We need to do that now and I’m confident that the size of this, the nature of this loss and the nature of this attack are going to motivate everybody to come together to do that. And I think that’s imperative. And we also, I think, Larry — I was heartened by the president’s comments tonight. We need to make certain that those countries that sponsor terrorism, that support it, that harbor these fugitive are as much a part of the problem as those who engage in the terrorist acts themselves. And we need to make certain as a country we respond to that.

Senator Jay Rockefeller stood by the president on September 12, 2001:

In this dark hour we all stand with President Bush and the military and intelligence leadership of this nation in the search for the propagators of this great evil, and for an appropriate and strong response.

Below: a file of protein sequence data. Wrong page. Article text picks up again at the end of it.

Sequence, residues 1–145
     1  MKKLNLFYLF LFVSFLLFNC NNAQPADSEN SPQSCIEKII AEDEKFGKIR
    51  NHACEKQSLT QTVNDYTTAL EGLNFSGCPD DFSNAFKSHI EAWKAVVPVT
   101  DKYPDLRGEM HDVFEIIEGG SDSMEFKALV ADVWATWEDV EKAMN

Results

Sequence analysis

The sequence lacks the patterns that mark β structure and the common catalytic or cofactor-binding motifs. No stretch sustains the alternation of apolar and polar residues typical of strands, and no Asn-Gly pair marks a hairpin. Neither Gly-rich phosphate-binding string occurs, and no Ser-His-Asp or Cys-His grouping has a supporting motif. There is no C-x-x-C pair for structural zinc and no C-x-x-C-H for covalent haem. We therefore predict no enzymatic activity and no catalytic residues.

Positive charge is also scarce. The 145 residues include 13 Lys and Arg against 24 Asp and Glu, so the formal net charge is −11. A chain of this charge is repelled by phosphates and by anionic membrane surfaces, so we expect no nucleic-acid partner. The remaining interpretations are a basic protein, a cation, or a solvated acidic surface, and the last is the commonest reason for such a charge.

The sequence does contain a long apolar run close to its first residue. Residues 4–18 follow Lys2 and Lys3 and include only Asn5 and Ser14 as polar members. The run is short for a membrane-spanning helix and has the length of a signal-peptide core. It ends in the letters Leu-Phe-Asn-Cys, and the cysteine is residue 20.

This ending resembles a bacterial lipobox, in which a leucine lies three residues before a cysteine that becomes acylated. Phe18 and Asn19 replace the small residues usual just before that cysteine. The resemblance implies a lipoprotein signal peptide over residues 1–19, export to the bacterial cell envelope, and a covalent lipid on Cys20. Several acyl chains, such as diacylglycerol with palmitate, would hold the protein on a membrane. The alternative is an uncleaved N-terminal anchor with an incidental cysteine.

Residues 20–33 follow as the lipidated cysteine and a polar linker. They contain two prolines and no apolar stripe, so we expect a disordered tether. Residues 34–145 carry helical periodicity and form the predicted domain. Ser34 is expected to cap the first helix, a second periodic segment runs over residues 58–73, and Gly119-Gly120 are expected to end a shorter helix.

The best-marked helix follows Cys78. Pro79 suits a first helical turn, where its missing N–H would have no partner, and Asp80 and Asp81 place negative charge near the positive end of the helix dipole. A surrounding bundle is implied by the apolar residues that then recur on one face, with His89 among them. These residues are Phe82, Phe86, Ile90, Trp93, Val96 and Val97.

America must respond to this crime — this act of war — rapidly and decisively, with an intensity and determination that reflect the outrage every American and I feel. A response whose violence and magnitude makes it clear to every terrorist that their lives are in danger, and makes it clear to every nation that the cost of supporting terrorism is too high to bear. We will not hesitate to put the strongest military on earth to use as it was intended: to protect the lives, safety and property of American citizens, everywhere in the world.

Representative John Murtha on September 11, 2001 as the Capital is being evacuated said:

Murtha roundly criticized the Bush administration’s hands-off approach to the Middle East. “It takes a long time to penetrate these terrorist cells,” said Murtha, “we have to continue to monitor them.”